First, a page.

• the glory years to which Jarret refers are the 1950s, which we have discussed as being uniformly white in their representation and in our “memories”
    • more that that, they were also the start of the Cold War and the start of American world dominance
    • in part that dominance came about because America was competing with the Soviet Union
      • we put a man on the moon to make sure we were the first to do so
      • spending on defense drove the national economy and educational initiatives in science, engineering, and later computer science
      • we have the Cold War to thank for the Internet
  • Jarret becomes president in 2032, some four decades after the end of the Cold War
    • Butler writing in 1998 was well aware of the problems that the fall of the Berlin Wall meant for the US, which found itself for the first time in half a century without an enemy and therefore without an identity
    • history was over with the end of this conflict and with it went meaning
    • we might speculate that this is the reason that Bankole says the Pox began in the late 20th century, because it was at that moment that the US had lost its identity, its reason for existence
    • it took forty years in this fiction, but Jarret comes along to give America its identity back
  • one of the primary questions facing Americans generally and Acorn specifically is whether to re-enter history
    • people debate whether they should use the truck they acquire to trade or if they should withdraw further into the mountains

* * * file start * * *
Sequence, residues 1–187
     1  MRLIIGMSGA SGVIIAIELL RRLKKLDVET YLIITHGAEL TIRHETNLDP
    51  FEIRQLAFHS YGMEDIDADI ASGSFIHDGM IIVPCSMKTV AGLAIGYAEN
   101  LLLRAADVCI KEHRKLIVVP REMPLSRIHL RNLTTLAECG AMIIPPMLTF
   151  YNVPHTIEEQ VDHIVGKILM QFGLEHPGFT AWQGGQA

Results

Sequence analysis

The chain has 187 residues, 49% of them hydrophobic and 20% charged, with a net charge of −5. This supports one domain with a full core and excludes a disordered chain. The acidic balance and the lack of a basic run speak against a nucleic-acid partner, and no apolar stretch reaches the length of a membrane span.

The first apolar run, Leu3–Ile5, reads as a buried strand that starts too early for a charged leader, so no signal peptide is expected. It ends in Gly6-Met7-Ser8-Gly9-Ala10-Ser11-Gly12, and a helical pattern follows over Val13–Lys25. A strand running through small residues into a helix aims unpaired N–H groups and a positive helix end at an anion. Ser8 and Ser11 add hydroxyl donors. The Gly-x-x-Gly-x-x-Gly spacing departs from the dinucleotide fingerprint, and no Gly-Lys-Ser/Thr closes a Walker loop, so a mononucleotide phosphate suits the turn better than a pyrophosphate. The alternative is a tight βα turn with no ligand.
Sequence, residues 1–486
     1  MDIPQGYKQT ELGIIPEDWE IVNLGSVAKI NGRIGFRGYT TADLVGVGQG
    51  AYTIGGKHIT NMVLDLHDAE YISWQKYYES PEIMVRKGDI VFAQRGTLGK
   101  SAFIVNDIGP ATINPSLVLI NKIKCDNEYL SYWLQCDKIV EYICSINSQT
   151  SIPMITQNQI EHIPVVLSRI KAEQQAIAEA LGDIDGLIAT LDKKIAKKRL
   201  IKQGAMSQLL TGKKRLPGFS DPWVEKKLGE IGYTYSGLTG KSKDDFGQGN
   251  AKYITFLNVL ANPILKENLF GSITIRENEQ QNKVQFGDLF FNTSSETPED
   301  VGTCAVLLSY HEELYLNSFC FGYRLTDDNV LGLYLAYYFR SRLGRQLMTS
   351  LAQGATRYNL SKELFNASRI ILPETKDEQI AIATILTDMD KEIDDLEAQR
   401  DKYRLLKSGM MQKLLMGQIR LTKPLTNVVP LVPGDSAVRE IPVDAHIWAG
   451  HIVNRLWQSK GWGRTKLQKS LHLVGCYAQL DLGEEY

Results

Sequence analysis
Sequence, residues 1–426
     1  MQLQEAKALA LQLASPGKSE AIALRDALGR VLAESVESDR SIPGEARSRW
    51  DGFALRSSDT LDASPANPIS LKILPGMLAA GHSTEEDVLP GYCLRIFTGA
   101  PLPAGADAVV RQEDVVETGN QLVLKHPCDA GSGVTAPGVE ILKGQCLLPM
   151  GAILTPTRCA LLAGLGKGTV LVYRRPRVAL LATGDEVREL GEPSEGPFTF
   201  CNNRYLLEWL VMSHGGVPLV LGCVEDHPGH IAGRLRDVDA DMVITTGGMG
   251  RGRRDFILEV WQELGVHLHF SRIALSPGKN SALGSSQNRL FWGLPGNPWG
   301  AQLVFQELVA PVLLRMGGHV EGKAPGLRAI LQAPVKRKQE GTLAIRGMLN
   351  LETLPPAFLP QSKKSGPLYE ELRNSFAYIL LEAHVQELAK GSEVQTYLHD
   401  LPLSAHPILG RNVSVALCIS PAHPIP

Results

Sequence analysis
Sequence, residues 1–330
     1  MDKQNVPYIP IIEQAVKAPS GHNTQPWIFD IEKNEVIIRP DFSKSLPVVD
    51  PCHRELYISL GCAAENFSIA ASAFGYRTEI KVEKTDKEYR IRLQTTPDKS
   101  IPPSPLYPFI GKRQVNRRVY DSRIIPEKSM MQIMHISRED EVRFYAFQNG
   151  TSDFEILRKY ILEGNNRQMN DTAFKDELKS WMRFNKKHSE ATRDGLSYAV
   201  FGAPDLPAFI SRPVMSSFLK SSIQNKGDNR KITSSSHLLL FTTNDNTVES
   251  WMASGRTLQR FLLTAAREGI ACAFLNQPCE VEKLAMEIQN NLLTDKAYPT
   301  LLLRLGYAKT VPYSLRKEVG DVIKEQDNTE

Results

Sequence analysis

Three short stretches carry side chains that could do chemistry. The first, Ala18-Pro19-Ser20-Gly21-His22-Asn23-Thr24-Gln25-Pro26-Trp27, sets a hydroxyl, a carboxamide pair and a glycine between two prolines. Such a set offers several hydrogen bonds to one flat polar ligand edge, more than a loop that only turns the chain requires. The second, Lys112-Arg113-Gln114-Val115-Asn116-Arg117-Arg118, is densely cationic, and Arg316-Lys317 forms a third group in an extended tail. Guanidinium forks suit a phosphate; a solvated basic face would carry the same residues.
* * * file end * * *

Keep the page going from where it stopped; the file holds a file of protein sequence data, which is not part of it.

• Lauren believes that they need to trade
      • of course, Lauren also believes in a sort of destiny, although whether her goal involves re-entering history or surpassing it is an open question
      • as is whether there is any difference between these two ideas is another open question
  • and here we can revisit Butler’s thematization of the connection between past and future, and the way that Bankole and Lauren come into conflict with regard to this issue
    • see 62 – 64
    • see also 66: looking back/looking forward discussion
    • B and L argue because he thinks the world used to be good and is getting worse
    • she thinks it can get better, but the idea that it was better in the past is something of a fiction
      • hence her personal dislike for Jarret, who to her lies about past greatness
    • see 133 where Lauren describes Bankole’s anger with her
      • she is “unrealistic”, in contrast with what she thinks of herself
    • we will come back to the question of realism at a future date, but note that the conflict here has to do with how one re-enters history
      • Bankole wants to return to history, to the past, to what no longer exists
      • that is meaning to him
      • Lauren wants to shape the future, to MAKE history (again, maybe to leave it behind altogether or to surpass it in some way)
    • see also 215: Bankole’s trust in law and order